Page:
Environmental and animal drivers of antimicrobial resistance
Veterinary antimicrobial stewardship in Thai Nguyen, Vietnam
In response to the threat posed by antimicrobial resistance (AMR), global attention is increasingly focussed on antimicrobial stewardship (AMS). AMS involves the coordinated effort of all stakeholders to use antimicrobials appropriately, to reduce the development and spread of AMR. In some countries characterised by industrialised livestock systems, veterinary AMS has seen considerable success, largely attributed to greater regulation.
Countries dominated by smallholder systems are likely to be less responsive to such ‘top-down’ approaches. Vietnam has developed a National Action Plan on AMR and AMU reduction in livestock and aquaculture and is working to increase awareness of the problem. However, there remain significant challenges to achieving widespread AMS in farming communities. Effective AMS policy and action in Vietnam will need to be sensitive to the needs of farming communities.
Our lab is involved in a project that aims to build an understanding of how antimicrobials were used in the livelihood strategies of smallholder farmers and their animal health networks. The project followed an iterative, mixed-methods design and combined epidemiological and Communication for Development approaches. The first study, in two provinces, revealed complex livelihoods interacting with decisions around antimicrobial use. Based on these findings, cross-sectional and longitudinal surveys were conducted. The final stage involved stakeholder workshops interpreting data and co-constructing an understanding of the system in which AMS decisions were made. Finally, stakeholders came together to identify leverage points for livelihood-sensitive intervention.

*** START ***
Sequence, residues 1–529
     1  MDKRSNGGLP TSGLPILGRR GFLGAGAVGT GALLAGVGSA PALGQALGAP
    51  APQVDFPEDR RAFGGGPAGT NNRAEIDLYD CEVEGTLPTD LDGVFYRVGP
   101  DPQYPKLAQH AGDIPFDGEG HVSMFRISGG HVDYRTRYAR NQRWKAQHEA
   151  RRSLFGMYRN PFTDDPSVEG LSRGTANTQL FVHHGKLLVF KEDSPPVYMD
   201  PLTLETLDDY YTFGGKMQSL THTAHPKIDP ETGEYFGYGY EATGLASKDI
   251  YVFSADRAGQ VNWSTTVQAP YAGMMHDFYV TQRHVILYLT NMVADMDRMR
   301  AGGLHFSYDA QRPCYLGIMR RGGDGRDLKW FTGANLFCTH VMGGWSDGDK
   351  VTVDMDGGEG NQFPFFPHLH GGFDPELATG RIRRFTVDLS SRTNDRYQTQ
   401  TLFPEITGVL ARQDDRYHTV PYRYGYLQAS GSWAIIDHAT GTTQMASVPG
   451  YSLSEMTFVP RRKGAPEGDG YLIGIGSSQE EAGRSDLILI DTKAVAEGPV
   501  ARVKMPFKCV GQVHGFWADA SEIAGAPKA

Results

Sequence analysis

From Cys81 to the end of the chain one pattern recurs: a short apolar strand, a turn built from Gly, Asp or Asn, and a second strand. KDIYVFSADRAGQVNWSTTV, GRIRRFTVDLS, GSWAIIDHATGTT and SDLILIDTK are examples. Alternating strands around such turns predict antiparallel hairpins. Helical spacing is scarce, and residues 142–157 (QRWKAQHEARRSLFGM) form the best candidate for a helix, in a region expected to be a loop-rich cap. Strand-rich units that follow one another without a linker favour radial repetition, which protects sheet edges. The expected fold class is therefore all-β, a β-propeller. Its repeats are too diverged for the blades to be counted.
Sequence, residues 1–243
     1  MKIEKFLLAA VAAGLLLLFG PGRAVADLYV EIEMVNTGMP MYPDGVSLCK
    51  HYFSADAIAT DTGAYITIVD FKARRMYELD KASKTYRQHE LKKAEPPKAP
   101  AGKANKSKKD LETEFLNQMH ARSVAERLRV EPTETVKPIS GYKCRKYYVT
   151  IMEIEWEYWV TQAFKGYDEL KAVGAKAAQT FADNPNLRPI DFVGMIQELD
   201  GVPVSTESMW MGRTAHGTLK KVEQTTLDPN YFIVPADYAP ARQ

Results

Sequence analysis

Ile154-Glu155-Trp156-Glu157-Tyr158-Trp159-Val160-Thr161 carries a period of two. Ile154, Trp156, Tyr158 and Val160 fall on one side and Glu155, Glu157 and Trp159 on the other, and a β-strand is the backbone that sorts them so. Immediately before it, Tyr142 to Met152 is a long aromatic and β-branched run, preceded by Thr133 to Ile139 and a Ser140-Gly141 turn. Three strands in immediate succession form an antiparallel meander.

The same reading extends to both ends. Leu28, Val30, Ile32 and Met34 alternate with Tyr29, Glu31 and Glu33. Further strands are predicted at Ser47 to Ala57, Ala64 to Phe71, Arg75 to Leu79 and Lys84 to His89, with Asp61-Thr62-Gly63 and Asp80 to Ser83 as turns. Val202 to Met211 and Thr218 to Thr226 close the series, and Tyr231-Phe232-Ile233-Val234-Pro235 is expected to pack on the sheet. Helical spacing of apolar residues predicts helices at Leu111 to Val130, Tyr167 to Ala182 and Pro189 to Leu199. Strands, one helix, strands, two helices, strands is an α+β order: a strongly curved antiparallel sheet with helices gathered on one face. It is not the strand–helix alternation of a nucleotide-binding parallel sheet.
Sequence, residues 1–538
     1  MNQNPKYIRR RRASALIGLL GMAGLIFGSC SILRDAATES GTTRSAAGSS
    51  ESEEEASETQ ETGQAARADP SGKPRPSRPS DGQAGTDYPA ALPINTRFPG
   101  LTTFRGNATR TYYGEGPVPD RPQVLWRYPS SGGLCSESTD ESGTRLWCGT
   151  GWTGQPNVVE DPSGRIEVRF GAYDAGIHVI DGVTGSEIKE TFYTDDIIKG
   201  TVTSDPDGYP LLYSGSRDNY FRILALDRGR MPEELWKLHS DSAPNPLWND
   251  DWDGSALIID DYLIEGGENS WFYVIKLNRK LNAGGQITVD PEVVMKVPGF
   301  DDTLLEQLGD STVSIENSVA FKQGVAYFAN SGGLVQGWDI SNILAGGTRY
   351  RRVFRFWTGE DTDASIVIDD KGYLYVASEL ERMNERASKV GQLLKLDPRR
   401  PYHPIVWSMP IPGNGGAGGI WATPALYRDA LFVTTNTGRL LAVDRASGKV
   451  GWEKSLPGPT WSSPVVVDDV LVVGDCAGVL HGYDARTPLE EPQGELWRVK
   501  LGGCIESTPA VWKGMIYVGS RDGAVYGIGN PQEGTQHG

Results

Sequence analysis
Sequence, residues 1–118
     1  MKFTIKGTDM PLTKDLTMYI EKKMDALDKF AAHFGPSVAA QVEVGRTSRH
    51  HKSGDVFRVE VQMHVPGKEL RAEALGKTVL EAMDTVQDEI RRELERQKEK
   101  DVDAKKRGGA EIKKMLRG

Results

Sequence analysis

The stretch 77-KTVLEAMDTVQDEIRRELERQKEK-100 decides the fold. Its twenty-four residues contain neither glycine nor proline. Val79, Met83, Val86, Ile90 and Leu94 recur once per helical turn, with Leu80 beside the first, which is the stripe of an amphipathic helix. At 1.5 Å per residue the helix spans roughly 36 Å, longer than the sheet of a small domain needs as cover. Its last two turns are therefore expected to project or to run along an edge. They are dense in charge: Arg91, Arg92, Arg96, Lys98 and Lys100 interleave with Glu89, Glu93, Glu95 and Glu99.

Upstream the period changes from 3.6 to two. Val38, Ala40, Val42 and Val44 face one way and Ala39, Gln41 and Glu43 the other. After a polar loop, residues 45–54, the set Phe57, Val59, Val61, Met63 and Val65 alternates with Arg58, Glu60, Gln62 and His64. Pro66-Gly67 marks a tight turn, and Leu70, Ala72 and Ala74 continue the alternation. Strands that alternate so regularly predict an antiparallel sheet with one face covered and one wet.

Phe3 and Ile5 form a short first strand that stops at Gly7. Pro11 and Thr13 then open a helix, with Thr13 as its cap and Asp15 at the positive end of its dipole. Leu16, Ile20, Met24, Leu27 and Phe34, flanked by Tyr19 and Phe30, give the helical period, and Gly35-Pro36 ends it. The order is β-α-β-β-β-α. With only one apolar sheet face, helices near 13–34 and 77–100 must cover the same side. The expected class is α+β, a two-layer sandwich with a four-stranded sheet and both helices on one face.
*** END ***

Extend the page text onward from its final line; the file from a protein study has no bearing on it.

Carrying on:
This research contributes to the global effort for greater antimicrobial stewardship (AMS). Beyond implications for the communities studied, the research yields a transferrable approach to contextualising antimicrobial practices in smallholder farming communities. Further, systems practice brings community stakeholders together in support of livelihood-sensitive policy and action for AMS. Concrete, community-developed recommendations for improving AMS are being considered and/or implemented.
Despite growing worldwide attention, there are substantial limitations to our understanding of the burden, distribution and determinants of anti-microbial resistance at the population level. To understand and be prepared for emerging threats, it is imperative to monitor the rise and spread of drug-resistant pathogenic strains and lineages. DNA sequencing-based approaches combined with phylodynamic algorithms and statistical network theory can play an important role in this endeavour. The World Health Organization is leading to multi-year, multi-population epidemiological surveys of anti-microbial resistance in naturally occurring populations of key bacterial pathogens. This project will generate a more complete understanding of transmission events that mediate the spread of resistant isolates and facilitate population-specific monitoring and prevention programmes aimed at limiting the emergence of disease-causing bacteria.
Our lab is working with non-goverment bodies to lead a multi-source epidemiological investigation into the spread of Extended-spectrum beta-lactamase-producing Escherichia coli (ESBL-Ec). These are diverse and ubiquitous microorganisms that are responsible for severe morbidity and mortality in humans. Moreover, ESBL-Ec can readily cross barriers between humans, animals and the environment in a cyclic and reciprocating manner. They can be considered a highly relevant and representative contemporaneous indicator of the magnitude and leading edge of the global anti-microbial resistance problem.